Last edited by bUU; 10-26-2013 at 05:35 AM..
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Old 10-26-2013, 04:44 AM
 
78,808 posts, read 33,515,967 times
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Quote:
Originally Posted by bUU View Post
I think there is something being overlooked here. The school was about 45 years old, built during a time when schools were being built feverishly, and therefore cheaply.
This reminds me of the "How I met Your Mother" episode where Barney mentions something about 85% of married couples, something or another and Ted notes that whenever Barney makes up stats he always uses 85%.

To say that this school or any school was built cheaply at any particular time is nothing more than making something up based upon what you perceive is the problem with one local school.

The only problem I see is families that had children killed and then had to send siblings there.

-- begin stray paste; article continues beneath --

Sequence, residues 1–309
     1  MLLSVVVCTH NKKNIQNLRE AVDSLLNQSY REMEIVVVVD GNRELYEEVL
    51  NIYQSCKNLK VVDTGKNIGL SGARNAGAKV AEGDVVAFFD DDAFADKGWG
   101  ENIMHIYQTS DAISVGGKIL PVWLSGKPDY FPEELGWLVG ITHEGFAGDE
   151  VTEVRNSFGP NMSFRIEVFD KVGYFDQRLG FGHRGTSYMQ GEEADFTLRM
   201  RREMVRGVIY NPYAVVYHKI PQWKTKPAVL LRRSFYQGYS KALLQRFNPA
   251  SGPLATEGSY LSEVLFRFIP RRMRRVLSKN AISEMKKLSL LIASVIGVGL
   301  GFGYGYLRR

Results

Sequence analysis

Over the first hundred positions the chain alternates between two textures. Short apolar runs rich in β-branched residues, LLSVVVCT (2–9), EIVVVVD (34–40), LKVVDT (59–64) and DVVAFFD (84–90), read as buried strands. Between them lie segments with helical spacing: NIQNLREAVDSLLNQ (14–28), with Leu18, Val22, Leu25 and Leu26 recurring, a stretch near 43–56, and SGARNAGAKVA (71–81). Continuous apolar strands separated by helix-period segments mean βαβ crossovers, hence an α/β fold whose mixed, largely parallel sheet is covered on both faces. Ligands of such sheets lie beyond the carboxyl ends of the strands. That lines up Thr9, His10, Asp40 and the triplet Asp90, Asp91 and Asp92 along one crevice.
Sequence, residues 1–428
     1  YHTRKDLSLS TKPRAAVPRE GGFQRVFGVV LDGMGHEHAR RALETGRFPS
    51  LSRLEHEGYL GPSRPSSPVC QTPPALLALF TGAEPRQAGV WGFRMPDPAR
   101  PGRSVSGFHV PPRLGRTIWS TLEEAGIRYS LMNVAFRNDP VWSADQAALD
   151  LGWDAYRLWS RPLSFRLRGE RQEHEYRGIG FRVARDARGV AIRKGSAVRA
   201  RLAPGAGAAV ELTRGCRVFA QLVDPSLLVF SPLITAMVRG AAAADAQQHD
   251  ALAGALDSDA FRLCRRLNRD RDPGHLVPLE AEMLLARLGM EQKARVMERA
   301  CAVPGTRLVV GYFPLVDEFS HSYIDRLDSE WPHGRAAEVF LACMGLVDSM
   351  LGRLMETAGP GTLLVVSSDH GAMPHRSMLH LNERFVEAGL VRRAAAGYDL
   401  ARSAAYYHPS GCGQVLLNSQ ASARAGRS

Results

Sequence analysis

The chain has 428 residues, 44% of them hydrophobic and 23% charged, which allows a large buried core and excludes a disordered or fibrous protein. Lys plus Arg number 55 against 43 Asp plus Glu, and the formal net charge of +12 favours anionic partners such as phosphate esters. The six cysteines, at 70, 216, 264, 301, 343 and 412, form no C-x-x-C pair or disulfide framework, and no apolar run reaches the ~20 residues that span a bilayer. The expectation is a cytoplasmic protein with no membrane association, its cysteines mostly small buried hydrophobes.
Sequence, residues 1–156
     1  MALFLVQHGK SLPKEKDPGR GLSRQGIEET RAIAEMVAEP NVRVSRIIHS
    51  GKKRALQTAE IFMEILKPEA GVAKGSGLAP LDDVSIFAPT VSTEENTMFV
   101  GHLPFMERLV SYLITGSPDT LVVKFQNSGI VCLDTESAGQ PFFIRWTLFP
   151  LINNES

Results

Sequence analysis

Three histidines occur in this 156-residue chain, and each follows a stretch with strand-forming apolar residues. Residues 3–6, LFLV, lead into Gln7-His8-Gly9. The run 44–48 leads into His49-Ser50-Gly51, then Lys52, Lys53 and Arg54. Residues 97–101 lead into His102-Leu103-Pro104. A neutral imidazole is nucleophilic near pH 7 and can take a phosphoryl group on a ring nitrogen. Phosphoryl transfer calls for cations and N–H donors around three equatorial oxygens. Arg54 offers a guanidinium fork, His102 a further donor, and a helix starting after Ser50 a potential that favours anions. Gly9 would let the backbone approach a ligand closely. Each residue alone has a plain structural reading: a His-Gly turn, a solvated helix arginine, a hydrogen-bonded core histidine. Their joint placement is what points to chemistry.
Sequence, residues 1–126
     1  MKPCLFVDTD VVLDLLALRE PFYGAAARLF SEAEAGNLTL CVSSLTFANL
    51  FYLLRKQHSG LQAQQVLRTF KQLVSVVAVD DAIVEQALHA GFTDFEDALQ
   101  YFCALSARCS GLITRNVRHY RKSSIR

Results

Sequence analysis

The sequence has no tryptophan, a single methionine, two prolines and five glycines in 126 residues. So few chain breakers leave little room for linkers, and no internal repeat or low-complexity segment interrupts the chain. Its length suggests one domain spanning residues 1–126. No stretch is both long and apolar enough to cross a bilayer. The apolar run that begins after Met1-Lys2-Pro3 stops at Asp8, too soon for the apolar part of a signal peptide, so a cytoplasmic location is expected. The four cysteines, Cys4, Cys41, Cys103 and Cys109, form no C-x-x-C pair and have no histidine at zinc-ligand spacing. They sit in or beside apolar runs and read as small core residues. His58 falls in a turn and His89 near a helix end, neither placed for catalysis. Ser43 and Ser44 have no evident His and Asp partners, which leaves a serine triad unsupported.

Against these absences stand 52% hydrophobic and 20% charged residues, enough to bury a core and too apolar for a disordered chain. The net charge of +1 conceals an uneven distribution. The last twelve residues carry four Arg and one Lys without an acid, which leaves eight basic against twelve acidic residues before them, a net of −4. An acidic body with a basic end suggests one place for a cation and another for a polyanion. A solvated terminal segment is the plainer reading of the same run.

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Old 10-26-2013, 04:50 AM
 
10,606 posts, read 12,130,459 times
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Before Sept 16, I would have agreed with the above posts. However, I was working in the building that was the building with the Navy Yard shooter. It was an awful, awful day and 12 of my colleagues were murdered in the building. Add to that, for those that sat in the building during the whole event, many, many people are suffering PTSD due to what they heard and what they saw. One month later, and I'm still very jumpy around loud noises or when I am in a closed in public place and I hear people getting loud or boisterous. These are the associations that several thousand people have with that building and with the event and it's very hard to get rid of. There are people who are suffering far worse than me and will probably never even be able to go back in the building despite the fact that they are doing a total renovation.